Taylor’s Spring Park proposal eyed

UTK students present landscaping concepts

JOYANNA LOVE Banner Senior Staff Writer
Posted 6/10/15

A place to contemplate history, enjoy the sound of the spring and the smell of flowers is the concept that University of Tennessee Smart Communities Initiative students have for Taylor’s Spring …

This item is available in full to subscribers

Taylor’s Spring Park proposal eyed

UTK students present landscaping concepts

A POSSIBLE design for the area around Taylor’s Spring was developed as part of the Smart Communities Initiative between the University of Tennessee and the city of Cleveland. Image courtesy of University of Tennessee Landscape Architecture Environmental Design Lab.
A POSSIBLE design for the area around Taylor’s Spring was developed as part of the Smart Communities Initiative between the University of Tennessee and the city of Cleveland. Image courtesy of University of Tennessee Landscape Architecture Environmental Design Lab.
Posted

A place to contemplate history, enjoy the sound of the spring and the smell of flowers is the concept that University of Tennessee Smart Communities Initiative students have for Taylor’s Spring Park.

The concept was considered by the Cleveland City Council Taylor’s Spring committee during a meeting Tuesday.

The Smart Communities Initiative is a program in which University of Tennessee at Knoxville students complete planning projects as part of their course work for a partner city. Cleveland was the first partner city last year.

“We are happy just to help out and make some of these opportunities just very visible,” said Brad Collett, assistant professor for landscape architecture.

The plan proposed having an observation area a step down from First Street where people could look at the spring. A ramp would lead from the observation area to an area where the spring would be pooled into a pond. A small cabin would also be built on the site. Rock outcrops and plants would be added.

“Working last semester on the (Cleveland/Bradley County) Greenway, I was looking at ways of tying the Greenway in with significant historical sites, significant cultural sites,” student Jessica Taylor said. “The idea was kind of pulling back the layers of urban development that have occurred from Andrew Taylor’s time to reveal this spring, and also to reveal the landscape that was there at the time Cleveland was settled.”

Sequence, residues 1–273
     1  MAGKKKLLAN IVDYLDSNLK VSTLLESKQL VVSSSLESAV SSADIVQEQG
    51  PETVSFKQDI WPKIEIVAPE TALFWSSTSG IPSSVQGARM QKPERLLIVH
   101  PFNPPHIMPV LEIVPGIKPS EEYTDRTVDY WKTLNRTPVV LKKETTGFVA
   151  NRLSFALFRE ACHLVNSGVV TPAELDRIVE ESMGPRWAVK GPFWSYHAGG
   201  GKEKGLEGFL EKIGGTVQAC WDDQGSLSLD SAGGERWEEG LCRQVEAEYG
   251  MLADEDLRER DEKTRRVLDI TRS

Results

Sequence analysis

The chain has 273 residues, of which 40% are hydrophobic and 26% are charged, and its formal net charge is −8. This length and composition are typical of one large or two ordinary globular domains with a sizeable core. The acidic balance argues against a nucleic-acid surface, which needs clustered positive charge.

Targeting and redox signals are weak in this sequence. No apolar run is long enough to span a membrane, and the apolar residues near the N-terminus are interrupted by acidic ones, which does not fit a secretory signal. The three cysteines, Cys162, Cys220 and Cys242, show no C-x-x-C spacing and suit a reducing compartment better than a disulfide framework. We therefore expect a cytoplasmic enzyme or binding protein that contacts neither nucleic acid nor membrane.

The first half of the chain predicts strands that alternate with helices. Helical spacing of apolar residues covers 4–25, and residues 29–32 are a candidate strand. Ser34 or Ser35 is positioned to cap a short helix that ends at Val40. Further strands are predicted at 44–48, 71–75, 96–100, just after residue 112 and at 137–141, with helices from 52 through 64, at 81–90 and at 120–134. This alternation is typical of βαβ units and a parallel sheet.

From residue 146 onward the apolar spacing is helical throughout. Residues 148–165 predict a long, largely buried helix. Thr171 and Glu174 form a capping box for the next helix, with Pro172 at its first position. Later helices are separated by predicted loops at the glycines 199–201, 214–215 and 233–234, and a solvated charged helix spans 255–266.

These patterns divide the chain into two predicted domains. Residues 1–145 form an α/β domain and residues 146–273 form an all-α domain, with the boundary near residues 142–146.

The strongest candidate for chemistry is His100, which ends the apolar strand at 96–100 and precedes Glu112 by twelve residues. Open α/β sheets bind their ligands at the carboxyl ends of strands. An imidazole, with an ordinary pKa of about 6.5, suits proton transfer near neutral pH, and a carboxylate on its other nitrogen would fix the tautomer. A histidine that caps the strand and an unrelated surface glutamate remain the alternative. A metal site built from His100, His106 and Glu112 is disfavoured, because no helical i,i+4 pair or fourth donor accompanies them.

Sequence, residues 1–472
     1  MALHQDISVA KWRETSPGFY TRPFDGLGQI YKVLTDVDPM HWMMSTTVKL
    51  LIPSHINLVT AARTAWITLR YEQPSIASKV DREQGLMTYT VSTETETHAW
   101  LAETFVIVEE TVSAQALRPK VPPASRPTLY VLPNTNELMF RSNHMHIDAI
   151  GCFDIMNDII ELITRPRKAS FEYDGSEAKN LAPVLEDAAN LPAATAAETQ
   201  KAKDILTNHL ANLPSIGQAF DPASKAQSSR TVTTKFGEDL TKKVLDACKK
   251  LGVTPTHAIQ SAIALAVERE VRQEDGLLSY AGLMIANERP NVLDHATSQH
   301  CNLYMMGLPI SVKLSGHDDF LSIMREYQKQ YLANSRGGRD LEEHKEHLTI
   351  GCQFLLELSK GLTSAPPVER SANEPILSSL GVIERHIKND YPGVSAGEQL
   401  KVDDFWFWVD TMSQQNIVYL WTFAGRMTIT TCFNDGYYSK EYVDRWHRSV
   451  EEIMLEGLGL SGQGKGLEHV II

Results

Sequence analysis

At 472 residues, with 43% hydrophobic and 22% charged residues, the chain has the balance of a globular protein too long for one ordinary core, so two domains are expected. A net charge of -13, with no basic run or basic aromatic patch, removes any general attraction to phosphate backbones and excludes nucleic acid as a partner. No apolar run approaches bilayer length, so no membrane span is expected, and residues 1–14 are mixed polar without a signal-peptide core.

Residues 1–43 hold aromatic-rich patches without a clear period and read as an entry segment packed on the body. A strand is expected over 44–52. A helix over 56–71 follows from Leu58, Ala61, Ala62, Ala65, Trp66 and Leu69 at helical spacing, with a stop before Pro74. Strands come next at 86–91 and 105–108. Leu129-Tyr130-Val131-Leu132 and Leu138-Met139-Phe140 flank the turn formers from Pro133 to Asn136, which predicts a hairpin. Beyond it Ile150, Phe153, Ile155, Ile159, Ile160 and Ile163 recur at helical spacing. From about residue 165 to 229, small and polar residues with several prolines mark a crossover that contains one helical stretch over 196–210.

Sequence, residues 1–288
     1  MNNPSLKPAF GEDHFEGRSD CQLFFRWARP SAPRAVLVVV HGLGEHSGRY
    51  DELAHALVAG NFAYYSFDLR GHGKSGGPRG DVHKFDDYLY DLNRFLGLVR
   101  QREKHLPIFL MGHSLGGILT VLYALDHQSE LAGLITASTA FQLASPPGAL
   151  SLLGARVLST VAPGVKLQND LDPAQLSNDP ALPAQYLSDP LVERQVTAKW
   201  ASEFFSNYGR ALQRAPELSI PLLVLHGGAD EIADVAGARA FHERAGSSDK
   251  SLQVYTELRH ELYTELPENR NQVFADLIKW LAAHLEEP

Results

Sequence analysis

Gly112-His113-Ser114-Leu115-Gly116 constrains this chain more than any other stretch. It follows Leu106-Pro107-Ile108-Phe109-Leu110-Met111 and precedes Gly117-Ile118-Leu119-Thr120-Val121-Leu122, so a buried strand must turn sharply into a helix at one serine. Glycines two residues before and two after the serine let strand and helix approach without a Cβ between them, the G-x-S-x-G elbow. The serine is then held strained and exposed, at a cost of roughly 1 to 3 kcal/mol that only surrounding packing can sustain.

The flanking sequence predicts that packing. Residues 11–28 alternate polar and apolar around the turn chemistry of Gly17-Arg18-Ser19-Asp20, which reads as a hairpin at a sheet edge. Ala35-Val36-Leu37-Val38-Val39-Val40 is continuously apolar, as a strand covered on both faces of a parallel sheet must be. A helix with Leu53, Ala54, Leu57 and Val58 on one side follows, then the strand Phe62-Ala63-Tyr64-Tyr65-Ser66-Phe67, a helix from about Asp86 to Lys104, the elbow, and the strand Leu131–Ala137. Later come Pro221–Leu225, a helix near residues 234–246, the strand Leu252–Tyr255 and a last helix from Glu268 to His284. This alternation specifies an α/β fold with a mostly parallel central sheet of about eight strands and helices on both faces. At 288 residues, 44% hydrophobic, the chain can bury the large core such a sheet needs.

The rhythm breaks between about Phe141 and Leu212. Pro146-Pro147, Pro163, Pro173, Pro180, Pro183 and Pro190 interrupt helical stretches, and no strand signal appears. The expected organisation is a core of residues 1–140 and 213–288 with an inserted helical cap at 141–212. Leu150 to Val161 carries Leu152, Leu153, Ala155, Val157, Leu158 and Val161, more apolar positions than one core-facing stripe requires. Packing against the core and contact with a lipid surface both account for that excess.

At a previous meeting, committee member Allan Jones had mentioned the possibility of having a springhouse over the spring.

Taylor said because of the grade change from the road to the spring, this was not a feasible idea.

“The cabin was obviously a very important element to the site, so we decided to instead move it to another location,” Taylor said.

Jones said he would like to see the cabin be a “replica of what the springhouse would have looked like.”

“I like the design of it, I like the way they have done it,” Jones said. “We need to try to be authentic and be historic in what that cabin would have looked like.”

Collett said moving the cabin/springhouse structure was also a way to allow people to easily see the actual spring without having to peer into or enter a structure.

“I think the thought with the springhouse was, you went to a lot of trouble to daylight the spring, so to come back and cover it up, though authentic, it might diminish the potential of what this spring could offer,” Collett said.

Committee member Richard Banks said the spring needed to be protected from people wanting to swim in it.

Committee member and Cleveland historian Bob George said he would like to see the state flower, the Ocoee passion flower, used at the site. He also said he would like to see some historical interpretation to inform people about the site.

“We don’t need just another pretty park, this is the beginning of our city,” George said.

Banks agreed, suggesting that a plaque be put on the site with a Web address for more information on Andrew Taylor.

Collett said even a quick response code could be used.

He also suggested the site be added to the Southeast Tennessee Development Districts app that alerts people when they are near historic sites.

The students’ plan also proposed a wall with the name of the park to draw attention to the area.

“The plantings up at this level would be a bit more manicured and urban in nature, and then … once you descended down the ramp into the site, moving into more of a native plant palate,” Taylor said.

Student Lindsey Bradley proposed using serviceberry plants and shrubs near the entrance to the park.

Marsh marigolds and cardinal flowers were suggested for closer to the pond, “to be more natural to what you would have in a marshy area,” Bradley said.

The park would also have an area for people to sit and watch the water, as well as have picnics.

Taylor also suggested having the pond area open so people could touch the cold, clear water.

The Taylor’s Spring committee was formed to design and plan how the recently uncovered Taylor’s Spring should be preserved. A park is the main idea.

Comments

No comments on this story | Please log in to comment by clicking here
Please log in or register to add your comment

X

Print subscribers have FREE access to clevelandbanner.com by registering HERE

Non-subscribers have limited monthly access to local stories, but have options to subscribe to print, web or electronic editions by clicking HERE

We are sorry but you have reached the maximum number of free local stories for this month. If you have a website account here, please click HERE to log in for continued access.

If you are a print subscriber but do not have an account here, click HERE to create a website account to gain unlimited free access.

Non-subscribers may gain access by subscribing to any of our print or electronic subscriptions HERE